Caleb: Dancing penguins and dystopian drag racers are among the cinematic subjects George Miller has brought to life over the years. He’s no stranger to shifting between R-rated thrillers and G-rated family fare, like Babe: Pig in the City. His latest film, Three Thousand Years of Longing, could have been titled Genie in the City. There’s nothing family-friendly about it, and it definitely earns its R-rating, but its baseline premise—a modern-day love story between a genie and a human—sounds more like Splash than Mad Max. After being released from a glass bottle that entrapped him centuries ago, an unnamed Djinn (Idris Elba) tries to convince the bottle’s new owner, Alithea Binnie (Tilda Swinton), to make three wishes, which would secure the genie’s freedom. But Binnie is hesitant, as she fears the potential consequences of even the smallest of wishes. As a professional narratologist, she’s well versed in cautionary tales of “be careful what you wish for.” To assure Binnie that he’s not malicious or setting out to trick her, the Djinn retells stories of his past masters over the centuries, each of whom failed in one way or another to make their third and final wish, condemning the genie back to his bottle over and over again. These visually majestic flashback segments are the film’s strongest scenes. As much as I love both Elba and Swinton, I was far more intrigued with glimpses into the Djinn’s past than the duo’s uneasy romance.

Bulbul: Three Thousand Years flexes Miller’s zany storytelling prowess. The Djinn’s past is expanded on over three mini stories. The accounts are linked by a thread that weaves the audience, Binnie, and the Djinn through the passage of time—the first starting from as early as the days of the Queen of Sheba. Those accounts are a lesson in narratives that enthrall the narratologist herself. I caught myself absolutely thrown into the striking imagery and writing, and it’s no wonder too because Miller and his co-writer Augusta Gore adapted the film from The Djinn in the Nightingale’s Eye, a short story collection written by English novelist A.S. Byatt that’s heavily inspired by One Thousand and One Nights. The screenplay and imagery draw from Orientalism but we’re rudely snapped back to reality when the plot switches back to present-day Turkey with Binnie. I found her character’s implausibly quick romance with the Djinn shoehorned, and I don’t think Elba and Swinton have onscreen romantic chemistry. The film could have taken its time to explore an otherwise intriguing idea: What more can a supposedly content person wish for?

Caleb: I definitely want to rewatch this someday for the visuals alone. There’s so much going on in almost every frame of the film, so I’m sure there are a lot of hidden gems I missed. There were more than a few moments of surreal terror that made me wish this film took more of a horror/fairy tale route. Even before Binnie meets the Djinn, there are hints that she is somehow in tune with an undefined spiritual realm. There’s a really eerie scene where she’s leading a lecture on storytelling and she becomes distracted by a ghostly apparition. The Djinn has a similar moment with a contorting, demonic presence later in the film. I wanted more moments like that, but the film’s overall atmosphere (perfectly paired with a haunting, ethereal score by Tom Holkenborg) felt wonderfully otherworldly enough to keep my spooky cravings at bay for the most part.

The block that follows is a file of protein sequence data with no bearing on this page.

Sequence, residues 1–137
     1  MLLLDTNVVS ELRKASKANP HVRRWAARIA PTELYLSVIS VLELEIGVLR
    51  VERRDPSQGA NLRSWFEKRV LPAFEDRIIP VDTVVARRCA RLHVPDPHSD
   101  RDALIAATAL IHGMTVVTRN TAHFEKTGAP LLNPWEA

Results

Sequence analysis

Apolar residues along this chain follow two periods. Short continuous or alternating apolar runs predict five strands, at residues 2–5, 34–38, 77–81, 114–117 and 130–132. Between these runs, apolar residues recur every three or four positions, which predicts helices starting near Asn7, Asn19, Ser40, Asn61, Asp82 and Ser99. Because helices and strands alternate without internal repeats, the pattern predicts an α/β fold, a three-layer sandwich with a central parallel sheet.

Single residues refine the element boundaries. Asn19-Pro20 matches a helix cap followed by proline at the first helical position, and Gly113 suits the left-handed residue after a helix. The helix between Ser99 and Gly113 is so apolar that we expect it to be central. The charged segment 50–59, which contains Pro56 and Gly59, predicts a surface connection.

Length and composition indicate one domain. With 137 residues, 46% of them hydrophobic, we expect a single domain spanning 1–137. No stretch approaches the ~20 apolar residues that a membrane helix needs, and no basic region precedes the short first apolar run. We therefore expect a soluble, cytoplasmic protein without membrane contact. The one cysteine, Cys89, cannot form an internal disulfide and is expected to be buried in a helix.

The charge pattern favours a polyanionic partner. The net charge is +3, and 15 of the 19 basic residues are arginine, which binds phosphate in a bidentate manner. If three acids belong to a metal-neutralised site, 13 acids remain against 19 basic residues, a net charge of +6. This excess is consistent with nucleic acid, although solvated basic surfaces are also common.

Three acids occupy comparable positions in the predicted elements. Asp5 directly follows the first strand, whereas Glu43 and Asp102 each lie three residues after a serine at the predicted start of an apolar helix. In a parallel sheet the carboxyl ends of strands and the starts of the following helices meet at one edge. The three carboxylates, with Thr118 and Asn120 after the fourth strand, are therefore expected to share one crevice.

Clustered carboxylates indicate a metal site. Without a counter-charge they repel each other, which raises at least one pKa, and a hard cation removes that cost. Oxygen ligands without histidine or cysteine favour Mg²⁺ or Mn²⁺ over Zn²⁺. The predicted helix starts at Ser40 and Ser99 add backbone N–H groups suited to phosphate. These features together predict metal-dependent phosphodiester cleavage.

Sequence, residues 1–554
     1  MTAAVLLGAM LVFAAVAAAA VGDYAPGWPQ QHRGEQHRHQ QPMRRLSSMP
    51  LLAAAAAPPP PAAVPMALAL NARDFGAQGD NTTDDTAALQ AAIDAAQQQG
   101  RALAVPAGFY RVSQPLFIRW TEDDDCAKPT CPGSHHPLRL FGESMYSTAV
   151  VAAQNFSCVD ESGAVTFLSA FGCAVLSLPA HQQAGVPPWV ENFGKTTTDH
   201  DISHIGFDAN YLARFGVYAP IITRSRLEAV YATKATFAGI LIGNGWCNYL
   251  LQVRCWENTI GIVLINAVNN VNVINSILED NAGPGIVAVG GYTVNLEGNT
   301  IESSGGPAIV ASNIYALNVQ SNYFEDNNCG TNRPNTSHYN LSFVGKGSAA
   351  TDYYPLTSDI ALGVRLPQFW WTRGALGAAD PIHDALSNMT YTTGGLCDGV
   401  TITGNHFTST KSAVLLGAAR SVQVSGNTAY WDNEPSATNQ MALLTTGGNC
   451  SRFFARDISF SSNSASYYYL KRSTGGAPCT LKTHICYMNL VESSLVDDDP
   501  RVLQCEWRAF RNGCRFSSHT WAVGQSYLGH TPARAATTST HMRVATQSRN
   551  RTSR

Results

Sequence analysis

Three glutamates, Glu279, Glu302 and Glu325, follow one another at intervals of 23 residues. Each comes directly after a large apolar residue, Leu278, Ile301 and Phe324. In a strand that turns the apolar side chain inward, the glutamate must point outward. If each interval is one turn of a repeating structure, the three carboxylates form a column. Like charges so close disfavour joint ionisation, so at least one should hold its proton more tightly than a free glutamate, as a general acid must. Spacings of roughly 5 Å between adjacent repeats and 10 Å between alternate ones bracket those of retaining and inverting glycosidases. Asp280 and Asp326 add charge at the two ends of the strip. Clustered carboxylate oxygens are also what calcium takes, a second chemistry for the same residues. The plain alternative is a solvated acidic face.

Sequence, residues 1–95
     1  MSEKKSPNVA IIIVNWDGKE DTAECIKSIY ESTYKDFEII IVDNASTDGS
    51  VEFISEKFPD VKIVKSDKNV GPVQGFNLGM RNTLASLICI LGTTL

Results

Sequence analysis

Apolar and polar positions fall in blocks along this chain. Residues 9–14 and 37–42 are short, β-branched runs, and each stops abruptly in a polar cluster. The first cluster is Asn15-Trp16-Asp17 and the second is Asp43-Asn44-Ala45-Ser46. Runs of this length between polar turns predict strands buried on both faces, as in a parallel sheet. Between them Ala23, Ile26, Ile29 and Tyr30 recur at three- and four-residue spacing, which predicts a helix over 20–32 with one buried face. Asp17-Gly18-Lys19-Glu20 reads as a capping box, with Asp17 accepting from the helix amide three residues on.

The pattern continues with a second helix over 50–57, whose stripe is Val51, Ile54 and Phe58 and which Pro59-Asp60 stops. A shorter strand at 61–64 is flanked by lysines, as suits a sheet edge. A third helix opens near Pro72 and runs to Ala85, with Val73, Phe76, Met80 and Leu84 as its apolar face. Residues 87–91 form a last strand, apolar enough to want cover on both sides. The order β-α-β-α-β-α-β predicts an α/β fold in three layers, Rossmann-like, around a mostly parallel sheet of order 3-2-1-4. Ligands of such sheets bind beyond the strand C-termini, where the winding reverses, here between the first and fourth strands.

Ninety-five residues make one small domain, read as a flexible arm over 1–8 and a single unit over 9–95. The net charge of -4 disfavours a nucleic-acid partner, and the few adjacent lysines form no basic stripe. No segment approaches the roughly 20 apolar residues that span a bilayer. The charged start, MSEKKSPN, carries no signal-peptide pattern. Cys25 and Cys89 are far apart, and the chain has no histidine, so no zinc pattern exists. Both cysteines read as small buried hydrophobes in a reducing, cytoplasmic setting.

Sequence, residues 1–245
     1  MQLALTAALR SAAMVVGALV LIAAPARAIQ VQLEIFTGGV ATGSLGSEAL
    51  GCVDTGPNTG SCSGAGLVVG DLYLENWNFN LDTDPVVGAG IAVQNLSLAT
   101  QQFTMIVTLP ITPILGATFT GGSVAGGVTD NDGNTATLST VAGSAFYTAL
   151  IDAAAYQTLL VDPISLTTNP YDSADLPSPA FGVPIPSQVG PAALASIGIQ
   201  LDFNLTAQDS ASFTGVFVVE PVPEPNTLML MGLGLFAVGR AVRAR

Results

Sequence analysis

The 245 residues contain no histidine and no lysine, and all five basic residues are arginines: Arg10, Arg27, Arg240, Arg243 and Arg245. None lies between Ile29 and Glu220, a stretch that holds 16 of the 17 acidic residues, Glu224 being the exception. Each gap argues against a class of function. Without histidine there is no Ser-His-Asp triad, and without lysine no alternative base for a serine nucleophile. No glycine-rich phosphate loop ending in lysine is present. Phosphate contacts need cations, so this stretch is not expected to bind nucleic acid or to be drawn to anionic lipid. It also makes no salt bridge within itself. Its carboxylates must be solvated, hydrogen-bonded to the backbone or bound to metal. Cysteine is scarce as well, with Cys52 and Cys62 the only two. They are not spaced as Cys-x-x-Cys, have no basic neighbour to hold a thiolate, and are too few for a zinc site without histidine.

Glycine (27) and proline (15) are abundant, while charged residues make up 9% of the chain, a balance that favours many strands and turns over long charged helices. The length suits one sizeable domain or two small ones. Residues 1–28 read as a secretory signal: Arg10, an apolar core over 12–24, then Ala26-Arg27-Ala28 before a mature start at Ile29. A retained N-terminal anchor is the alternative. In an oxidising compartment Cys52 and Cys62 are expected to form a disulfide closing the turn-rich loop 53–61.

Bulbul: The film left me with a lot of unanswered questions, so after the high of the past world narrations wore off, I was dissatisfied with the final third. Maybe, Miller isn’t giving us a highly packaged conclusion. Most of my questions center on Binnie and the Djinn’s relationship, but my main question is why was she even the chosen one? The movie opens with a stunning shot that marks Binnie apart from a crowd thanks to her flaming red hair and bright pink coat amid a sea of dreary gray and brown coats. But what makes her special? Also, there is a very random shot of her in the train with a face mask on. So, this universe probably acknowledges that COVID-19 is real? Am I thinking too hard? Probably. Will I be rewatching? Definitely, once it streams somewhere.

Arts Editor Caleb Wiseblood and New Times Staff Writer Bulbul Rajagopal and wrote Sun Screen this week. Send comments to gstarkey@newtimesslo.com.










Weekly Poll
What do you think about a farmworker resource center in Santa Barbara County?

It's a great way to create a network of collaboration and reach people in need.
It's been needed in the county for a long time and should have been made earlier.
We don't have the funding now, but we should come up with ideas in the meantime.
We don't need it. There are plenty of resources readily available.